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. Last Updated: 07/27/2016

Two Presidents With a Shared Sense of Loss

More than most other leaders and peoples, Boris Yeltsin and the Russians will understand why it is a subdued and unhappy President Bill Clinton who arrives in Moscow this week. Some of the joy went out of the White House, and out of his presidency, with the death last week of his mother Virginia Kelley. She was a woman of great warmth and formidable mettle, who loved racehorses and parties and relished the celebrity her son brought her. In the last week of her life, she made a point of flying to Las Vegas, her second-favorite town after Hot Springs, Arkansas, for the much-ballyhooed Barbara Streisand concert.

Born to poor parents in 1923, when Arkansas was one of the poorest and most backward states in the nation, she became a nurse, and was then left pregnant with the future president when her car-salesman husband Billy Blythe died in a car crash. She re-married four times, twice to the same man. He was another car salesman, an alcoholic who beat her until restrained by the teenage Bill, who had taken this new stepfather's surname of Clinton.

"I've told everybody who has asked me about my 'hard life' that everybody's had a hard life. I mean, who hasn't," she said just before her son's election. "But the good outweighs the bad. At least, that's the story of my life."

She found stability and happiness in her fourth marriage in 1982 to Dick Kelley, a retired executive in a food processing company. They lived in a ranch house by a small lake, where she fished from the dock, in a home filled with deep-pile carpets and flocked fabric on the loos.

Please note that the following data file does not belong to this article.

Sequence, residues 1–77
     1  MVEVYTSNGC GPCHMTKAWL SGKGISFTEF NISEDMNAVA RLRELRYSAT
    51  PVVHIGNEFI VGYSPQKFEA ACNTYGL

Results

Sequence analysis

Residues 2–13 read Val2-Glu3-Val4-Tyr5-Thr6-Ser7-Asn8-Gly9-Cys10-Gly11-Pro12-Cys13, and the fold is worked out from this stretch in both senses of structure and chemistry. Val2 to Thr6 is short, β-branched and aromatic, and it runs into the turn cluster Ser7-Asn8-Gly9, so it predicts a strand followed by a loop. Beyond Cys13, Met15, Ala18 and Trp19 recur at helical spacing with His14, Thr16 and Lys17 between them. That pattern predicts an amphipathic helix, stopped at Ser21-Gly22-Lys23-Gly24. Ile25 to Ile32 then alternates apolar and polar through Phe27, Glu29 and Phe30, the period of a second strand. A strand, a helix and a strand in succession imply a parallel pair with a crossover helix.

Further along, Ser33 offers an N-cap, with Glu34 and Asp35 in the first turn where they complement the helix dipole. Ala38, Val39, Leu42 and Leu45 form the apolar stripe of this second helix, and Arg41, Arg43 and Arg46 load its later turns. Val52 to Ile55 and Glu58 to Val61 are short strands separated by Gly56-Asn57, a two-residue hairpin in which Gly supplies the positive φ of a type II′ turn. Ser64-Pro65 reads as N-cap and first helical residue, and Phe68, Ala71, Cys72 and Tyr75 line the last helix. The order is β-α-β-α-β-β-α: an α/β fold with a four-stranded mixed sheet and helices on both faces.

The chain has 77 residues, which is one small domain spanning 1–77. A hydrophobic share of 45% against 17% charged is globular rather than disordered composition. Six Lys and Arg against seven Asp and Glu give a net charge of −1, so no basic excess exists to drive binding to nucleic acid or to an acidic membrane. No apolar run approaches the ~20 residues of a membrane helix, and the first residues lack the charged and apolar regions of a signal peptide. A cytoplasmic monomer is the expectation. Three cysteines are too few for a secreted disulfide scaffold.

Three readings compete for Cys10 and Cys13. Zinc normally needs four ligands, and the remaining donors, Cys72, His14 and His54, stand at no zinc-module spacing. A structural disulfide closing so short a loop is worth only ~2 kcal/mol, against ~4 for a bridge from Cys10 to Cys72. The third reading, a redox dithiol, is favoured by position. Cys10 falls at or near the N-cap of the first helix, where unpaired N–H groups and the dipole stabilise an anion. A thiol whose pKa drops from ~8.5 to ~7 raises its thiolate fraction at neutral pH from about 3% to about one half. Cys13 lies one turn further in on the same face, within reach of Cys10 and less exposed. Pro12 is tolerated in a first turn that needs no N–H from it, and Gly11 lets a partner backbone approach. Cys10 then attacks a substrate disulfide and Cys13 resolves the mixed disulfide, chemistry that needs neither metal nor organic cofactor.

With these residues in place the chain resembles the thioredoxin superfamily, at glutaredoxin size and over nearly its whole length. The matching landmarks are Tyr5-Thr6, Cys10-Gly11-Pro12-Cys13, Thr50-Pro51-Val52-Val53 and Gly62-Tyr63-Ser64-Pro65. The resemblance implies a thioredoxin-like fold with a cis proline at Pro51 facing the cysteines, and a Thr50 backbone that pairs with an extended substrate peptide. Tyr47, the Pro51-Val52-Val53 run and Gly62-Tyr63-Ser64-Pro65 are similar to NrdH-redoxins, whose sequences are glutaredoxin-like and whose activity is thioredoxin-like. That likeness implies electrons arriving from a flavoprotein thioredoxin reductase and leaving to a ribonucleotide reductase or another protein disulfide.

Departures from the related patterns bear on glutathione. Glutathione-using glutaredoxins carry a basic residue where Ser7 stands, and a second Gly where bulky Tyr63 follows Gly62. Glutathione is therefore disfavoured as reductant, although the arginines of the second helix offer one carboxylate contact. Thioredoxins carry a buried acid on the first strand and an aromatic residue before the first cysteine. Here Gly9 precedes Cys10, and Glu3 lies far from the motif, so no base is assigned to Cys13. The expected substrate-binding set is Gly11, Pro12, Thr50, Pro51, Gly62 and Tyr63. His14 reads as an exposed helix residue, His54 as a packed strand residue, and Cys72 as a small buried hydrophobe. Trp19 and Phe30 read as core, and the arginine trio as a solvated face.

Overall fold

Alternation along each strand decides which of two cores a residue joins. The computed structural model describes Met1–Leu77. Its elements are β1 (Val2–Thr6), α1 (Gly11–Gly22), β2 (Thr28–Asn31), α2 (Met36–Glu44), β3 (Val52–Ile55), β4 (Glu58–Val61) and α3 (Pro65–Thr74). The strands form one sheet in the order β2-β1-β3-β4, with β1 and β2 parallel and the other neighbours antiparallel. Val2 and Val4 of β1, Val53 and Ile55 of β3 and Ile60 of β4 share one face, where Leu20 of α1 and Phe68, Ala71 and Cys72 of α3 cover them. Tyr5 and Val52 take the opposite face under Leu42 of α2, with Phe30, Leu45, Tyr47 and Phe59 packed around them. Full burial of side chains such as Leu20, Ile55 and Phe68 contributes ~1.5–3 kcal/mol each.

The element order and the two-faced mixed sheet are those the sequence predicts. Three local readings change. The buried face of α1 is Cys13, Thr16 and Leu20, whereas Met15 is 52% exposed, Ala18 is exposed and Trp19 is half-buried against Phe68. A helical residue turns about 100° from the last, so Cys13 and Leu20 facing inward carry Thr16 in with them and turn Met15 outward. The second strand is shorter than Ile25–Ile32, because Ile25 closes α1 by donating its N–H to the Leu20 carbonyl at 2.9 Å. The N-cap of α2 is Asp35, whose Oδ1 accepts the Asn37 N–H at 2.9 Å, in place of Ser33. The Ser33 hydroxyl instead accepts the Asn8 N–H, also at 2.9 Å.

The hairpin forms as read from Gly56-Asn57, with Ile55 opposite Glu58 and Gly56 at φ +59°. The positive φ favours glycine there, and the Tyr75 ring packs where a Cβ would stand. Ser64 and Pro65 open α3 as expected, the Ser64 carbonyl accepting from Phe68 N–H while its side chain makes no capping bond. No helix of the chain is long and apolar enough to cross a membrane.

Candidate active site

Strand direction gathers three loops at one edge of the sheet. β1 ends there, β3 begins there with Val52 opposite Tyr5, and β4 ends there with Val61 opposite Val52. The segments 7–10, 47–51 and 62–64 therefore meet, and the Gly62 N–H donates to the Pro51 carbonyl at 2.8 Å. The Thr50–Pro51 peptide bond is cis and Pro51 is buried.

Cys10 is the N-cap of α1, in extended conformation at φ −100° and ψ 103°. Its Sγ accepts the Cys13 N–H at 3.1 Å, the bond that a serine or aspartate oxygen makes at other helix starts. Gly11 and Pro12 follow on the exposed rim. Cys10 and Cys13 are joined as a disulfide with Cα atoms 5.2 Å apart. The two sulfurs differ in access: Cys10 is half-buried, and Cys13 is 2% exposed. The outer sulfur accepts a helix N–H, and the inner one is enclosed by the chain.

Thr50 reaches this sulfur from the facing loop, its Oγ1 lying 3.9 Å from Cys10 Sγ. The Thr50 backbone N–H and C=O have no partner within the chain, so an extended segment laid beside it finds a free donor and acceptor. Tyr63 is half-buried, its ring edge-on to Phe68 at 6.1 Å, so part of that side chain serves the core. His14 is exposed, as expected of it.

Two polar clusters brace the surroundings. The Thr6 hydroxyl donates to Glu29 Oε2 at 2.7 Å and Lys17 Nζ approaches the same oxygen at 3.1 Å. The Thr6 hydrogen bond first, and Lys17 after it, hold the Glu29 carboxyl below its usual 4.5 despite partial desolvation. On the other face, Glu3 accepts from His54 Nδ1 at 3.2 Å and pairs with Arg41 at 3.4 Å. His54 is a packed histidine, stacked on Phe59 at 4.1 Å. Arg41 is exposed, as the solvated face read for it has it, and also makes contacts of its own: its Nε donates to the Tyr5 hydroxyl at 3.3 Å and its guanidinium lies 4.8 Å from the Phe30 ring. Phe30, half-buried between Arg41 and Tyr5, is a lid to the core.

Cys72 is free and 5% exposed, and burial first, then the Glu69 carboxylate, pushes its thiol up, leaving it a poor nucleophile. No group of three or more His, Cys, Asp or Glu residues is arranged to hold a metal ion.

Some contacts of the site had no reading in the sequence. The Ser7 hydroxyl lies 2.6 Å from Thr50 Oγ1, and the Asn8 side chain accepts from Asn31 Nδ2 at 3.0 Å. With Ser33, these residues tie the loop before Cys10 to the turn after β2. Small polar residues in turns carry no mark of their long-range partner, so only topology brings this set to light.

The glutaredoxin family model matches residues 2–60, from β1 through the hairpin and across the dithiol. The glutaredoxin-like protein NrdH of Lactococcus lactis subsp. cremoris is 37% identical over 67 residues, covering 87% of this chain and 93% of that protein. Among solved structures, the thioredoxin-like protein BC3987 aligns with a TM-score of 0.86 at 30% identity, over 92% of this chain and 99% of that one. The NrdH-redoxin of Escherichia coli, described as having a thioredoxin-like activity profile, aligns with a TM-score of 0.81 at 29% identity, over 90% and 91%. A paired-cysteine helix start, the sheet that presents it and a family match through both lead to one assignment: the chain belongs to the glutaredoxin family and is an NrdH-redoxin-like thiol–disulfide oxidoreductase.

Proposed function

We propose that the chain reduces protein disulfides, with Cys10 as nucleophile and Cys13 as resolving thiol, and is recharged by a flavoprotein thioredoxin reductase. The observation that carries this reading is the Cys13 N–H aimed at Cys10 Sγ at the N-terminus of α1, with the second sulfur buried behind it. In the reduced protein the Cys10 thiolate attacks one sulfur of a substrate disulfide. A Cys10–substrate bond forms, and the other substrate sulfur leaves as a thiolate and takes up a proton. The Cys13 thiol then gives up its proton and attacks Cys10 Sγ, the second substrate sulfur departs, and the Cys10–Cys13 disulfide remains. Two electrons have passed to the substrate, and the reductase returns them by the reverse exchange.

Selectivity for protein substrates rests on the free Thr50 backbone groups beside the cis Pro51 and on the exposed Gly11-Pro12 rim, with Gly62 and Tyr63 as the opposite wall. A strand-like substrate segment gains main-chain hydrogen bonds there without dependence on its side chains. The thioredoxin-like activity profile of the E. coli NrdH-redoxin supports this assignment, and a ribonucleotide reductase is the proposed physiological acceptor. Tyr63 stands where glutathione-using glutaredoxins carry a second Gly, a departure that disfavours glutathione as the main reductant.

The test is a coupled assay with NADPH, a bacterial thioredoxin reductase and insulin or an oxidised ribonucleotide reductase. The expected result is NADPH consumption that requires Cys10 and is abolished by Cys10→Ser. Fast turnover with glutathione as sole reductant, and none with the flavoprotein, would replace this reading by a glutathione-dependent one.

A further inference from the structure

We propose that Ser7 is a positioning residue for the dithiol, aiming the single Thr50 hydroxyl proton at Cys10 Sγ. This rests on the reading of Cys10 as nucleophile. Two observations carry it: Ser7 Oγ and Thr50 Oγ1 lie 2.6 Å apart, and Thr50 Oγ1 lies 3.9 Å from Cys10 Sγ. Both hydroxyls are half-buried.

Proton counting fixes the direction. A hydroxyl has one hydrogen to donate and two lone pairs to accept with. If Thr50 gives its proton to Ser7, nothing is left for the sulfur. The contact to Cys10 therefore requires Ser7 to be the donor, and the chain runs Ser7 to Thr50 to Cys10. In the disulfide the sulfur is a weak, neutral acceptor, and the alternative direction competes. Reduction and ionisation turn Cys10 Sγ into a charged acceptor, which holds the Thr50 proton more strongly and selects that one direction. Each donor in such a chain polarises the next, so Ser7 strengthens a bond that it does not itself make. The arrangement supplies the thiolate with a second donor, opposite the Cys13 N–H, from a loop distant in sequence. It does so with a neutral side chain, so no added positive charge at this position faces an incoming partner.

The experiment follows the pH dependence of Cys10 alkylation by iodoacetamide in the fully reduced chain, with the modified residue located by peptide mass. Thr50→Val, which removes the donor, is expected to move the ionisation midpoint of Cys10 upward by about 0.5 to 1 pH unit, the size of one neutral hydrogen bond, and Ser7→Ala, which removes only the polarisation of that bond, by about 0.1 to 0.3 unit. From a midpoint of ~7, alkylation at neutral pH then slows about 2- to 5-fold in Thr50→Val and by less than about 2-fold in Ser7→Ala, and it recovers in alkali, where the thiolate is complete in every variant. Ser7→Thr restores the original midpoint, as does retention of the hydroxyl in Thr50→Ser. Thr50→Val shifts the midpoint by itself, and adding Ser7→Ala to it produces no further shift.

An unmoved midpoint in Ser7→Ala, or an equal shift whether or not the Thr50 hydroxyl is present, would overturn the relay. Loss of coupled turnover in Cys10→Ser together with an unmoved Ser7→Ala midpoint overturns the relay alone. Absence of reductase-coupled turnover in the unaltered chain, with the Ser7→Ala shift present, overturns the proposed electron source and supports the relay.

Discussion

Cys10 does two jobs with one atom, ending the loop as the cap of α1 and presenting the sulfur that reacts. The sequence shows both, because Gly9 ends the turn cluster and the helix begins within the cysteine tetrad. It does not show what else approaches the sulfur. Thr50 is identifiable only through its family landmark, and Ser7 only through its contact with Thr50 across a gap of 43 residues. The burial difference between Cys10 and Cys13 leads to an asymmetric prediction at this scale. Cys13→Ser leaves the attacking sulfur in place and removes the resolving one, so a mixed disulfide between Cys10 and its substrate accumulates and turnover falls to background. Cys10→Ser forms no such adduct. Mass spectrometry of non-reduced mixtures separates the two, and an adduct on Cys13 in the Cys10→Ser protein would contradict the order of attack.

She loved bright colors, huge earrings, glitz and glamour to go with her spectacular two-tone black and white hair. It is a distinctive Southern taste, a touch of the Elvis culture, whose inheritance can be seen in Clinton's love of extremely loud neckties.

She was an indomitable redneck momma, a warm-hearted and sensual woman with a vast lust for life, and a will to survive and endure the kind of working class epic that wails out from country and western songs on jukeboxes across America. Her life was a classic saga of the poor white American South, except for her extraordinary eldest son.

"Bill held me together, even befor ehe was born," she once recalled. "I wouldn'tallow myself to go to pieces. I was afraid I'd hurt my unborn child if I did."

Although she had to leave the infant Bill with her parents when she left to take a nursing job in New Orleans, she was always very close to her son. She encouraged him to bring his friends home from college for vacations in Hot Springs, loading them down with her high-cholesterol Southern fried cooking, and will be widely mourned by all the vast extended family of the Friends of Bill.

These days, that list of FOBs includes Boris Yeltsin. And one point to remember as the White House press corps pundits muse on the personal chemistry between the U.S. and Russian Presidents, is that Bill Clinton is a true son of the American working class, a Bubba with brains, a Rhodes Scholar who is also at root a redneck.

Boris Yeltsin, who still mourns his own mother's death, will empathize with his American guest by an age-old instinct that links Siberia and Arkansas far more than any formal diplomatic deals between Washington and Moscow.

The chemistry between these two orphan sons of the Russian and American working class will be just fine.